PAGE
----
Most recently I've been reading her journals, just published, which are absorbing and inspiring. One of my favorites of her novels — though I've by no means read them all — is I'll Take You There. I deeply appreciate the strange young woman at the center of that story, and the period of time it takes place in, 1960, is of special interest to me as a sort of turning point for women as social beings and writers.

I'm also intrigued by Oates' abiding interest in teacher/student relationships gone awry. There's a disturbing story called The Instructor about a young woman teaching at a community college that has become another favorite. (I actually taught at a community college when I was in my 20s.) The stories and novels are dark but believable; you get the sense that even in our ordinary lives, we are not so far from some strange, dark turn or choice that can change things utterly.

Q: Why is it important for writers to come to gatherings such as the Women Writers Conference?

A: This conference allows us to be in an atmosphere of galvanizing encouragement, inspiration and creative work. We can reflect upon women's writing in very particular ways: how far it has come, for example, and what "cracks in the glass ceiling" remain to be pushed through.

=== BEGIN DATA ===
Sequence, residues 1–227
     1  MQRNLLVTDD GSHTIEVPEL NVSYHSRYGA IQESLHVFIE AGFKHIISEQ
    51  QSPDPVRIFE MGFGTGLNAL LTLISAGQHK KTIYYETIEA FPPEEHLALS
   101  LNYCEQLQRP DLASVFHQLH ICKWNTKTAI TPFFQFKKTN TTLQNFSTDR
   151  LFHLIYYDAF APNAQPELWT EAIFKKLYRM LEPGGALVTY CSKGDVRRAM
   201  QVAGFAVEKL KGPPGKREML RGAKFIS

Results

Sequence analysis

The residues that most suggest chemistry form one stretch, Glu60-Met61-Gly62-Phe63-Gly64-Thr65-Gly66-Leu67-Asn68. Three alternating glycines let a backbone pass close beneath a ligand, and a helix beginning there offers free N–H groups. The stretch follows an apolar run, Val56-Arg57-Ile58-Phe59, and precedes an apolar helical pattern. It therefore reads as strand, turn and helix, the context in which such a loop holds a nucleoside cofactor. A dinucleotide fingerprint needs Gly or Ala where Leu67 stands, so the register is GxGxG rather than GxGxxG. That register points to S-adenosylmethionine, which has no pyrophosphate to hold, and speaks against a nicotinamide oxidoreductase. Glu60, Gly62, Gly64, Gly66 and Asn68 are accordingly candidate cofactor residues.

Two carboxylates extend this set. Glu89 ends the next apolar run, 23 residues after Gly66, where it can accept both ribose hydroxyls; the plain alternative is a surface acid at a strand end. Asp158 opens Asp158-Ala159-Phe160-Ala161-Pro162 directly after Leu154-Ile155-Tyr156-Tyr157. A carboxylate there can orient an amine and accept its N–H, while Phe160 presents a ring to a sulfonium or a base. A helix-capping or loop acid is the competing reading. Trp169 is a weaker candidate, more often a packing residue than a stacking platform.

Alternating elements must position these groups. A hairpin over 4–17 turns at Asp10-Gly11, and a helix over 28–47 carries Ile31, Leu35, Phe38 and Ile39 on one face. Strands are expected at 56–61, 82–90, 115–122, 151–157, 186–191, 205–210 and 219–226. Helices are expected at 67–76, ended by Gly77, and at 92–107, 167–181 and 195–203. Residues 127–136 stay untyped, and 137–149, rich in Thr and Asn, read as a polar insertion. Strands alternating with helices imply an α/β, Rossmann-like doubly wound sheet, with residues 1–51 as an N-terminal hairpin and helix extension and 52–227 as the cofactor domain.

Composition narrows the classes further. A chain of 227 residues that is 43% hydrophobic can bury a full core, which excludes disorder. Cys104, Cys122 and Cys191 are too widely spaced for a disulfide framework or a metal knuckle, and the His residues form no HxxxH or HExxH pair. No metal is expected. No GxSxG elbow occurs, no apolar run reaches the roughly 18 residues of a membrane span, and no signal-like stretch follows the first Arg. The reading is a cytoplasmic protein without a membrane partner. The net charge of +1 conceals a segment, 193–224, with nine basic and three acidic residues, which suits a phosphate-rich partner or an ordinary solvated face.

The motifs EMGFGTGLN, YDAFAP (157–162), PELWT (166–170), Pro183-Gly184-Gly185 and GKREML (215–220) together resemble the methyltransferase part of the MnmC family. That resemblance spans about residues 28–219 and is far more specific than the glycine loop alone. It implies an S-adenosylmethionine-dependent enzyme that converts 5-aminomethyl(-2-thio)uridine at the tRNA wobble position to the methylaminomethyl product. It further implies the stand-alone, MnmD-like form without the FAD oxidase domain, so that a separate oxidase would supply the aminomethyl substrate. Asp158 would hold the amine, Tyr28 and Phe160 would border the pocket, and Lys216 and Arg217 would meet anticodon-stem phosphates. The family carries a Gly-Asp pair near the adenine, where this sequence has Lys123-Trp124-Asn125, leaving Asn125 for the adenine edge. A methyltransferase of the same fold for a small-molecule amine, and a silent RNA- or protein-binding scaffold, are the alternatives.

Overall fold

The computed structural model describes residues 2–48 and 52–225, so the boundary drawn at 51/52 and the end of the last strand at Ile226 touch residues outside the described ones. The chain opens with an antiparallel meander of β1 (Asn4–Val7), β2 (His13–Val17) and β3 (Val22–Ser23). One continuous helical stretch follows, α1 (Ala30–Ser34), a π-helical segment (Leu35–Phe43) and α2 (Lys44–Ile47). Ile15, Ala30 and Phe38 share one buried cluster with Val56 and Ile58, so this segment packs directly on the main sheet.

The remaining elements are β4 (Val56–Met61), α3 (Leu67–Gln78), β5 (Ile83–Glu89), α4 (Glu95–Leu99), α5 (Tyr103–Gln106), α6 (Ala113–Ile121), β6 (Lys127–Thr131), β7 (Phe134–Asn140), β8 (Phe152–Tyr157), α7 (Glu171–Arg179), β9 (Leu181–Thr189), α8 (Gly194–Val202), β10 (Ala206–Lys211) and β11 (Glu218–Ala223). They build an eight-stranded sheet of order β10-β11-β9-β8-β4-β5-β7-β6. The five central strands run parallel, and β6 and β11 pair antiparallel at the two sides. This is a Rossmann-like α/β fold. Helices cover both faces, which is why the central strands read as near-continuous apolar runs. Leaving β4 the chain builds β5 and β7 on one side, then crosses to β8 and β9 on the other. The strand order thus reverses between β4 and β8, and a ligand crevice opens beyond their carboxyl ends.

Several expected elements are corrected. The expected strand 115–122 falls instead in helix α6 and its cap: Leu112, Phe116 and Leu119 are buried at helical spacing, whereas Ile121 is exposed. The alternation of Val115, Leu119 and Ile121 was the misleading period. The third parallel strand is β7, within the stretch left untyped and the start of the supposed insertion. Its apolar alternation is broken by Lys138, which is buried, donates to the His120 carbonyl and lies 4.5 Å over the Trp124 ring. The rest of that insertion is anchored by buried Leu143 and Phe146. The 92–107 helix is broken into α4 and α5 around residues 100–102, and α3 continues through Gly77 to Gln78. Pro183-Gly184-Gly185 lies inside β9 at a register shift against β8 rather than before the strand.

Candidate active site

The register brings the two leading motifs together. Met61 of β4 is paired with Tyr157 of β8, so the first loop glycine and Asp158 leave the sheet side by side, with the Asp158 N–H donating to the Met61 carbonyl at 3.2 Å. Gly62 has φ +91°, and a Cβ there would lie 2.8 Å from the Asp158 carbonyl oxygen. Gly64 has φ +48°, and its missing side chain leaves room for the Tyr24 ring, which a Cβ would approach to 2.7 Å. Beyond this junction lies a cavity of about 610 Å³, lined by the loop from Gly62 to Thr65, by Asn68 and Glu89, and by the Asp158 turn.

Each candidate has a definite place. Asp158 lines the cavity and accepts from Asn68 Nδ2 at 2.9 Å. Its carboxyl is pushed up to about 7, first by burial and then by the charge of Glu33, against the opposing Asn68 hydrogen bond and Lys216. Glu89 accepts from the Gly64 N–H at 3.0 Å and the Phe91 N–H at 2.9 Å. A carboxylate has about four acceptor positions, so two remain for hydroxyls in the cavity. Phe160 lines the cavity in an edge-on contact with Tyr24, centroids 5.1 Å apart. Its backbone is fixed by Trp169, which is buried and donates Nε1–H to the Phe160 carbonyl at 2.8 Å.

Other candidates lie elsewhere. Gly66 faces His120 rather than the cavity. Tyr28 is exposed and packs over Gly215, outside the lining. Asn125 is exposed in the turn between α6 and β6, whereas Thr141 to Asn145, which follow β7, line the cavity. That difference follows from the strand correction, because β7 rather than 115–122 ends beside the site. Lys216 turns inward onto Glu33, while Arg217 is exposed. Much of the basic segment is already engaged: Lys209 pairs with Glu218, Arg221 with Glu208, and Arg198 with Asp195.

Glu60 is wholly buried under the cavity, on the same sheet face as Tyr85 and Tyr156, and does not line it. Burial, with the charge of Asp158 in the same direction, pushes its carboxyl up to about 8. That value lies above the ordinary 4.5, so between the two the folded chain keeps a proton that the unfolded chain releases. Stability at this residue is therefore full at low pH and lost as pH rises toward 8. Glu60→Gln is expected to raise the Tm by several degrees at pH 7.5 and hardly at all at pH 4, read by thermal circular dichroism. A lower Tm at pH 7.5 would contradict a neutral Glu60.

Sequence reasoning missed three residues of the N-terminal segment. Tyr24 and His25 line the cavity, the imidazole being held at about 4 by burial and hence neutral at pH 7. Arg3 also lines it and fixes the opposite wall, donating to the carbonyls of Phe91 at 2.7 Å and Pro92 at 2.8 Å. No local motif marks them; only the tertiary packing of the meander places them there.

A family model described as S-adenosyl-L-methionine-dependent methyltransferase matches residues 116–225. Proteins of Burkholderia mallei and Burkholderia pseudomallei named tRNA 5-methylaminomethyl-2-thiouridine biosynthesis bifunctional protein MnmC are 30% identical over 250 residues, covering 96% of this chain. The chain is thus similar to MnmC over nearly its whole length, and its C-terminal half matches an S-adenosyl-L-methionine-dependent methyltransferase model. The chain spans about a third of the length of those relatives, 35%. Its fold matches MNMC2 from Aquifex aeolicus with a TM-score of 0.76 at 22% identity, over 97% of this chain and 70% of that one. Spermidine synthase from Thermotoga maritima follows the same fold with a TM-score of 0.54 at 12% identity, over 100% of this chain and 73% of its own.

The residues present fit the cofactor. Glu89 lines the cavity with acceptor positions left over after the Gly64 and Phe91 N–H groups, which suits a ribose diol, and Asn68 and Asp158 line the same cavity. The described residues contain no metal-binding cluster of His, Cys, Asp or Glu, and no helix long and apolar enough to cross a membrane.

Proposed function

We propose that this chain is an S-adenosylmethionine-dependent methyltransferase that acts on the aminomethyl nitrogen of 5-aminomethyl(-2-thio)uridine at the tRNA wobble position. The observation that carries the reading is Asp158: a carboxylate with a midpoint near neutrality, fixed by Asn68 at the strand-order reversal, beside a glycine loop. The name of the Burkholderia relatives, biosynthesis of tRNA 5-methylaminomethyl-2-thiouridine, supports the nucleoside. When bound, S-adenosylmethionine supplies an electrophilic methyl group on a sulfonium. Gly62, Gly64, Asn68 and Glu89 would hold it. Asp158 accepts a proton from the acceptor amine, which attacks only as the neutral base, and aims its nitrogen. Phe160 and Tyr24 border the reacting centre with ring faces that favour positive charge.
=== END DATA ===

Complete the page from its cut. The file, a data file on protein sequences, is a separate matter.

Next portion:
The simple fact of companionship — meeting other writers, learning about their work and their passions, their challenges and accomplishments, is probably the greatest benefit. Not to mention hearing the great featured presenters, such as Natasha Trethewey and Joyce Carol Oates, read their work. I'm thrilled to be a part of it.

Q: What's the most important bit of advice you can offer women writers and readers?

A: I'm afraid any general advice would sound like a platitude. We're all in different situations, with different challenges. If I could see their particular writing, talk to them in person, I might be more helpful — though I, too, have my limitations, as I tell my students: They must ultimately trust themselves.

One thing that I return to again and again is this idea of self-reliance; no matter what your talent, it is ultimately up to you to do the work and to believe in the work that you do. It's wonderful to have praise and support — the kind of support this conference will provide, for example.

However, self-reliance is key. Two writers I return to in this regard are Emily Dickinson and Ralph Waldo Emerson. Dickinson's poems on the subject, and her adamant pursuit of her own idiosyncratic poetics without much encouragement, and Emerson's actual essay, Self-Reliance, are two of my poetical bibles.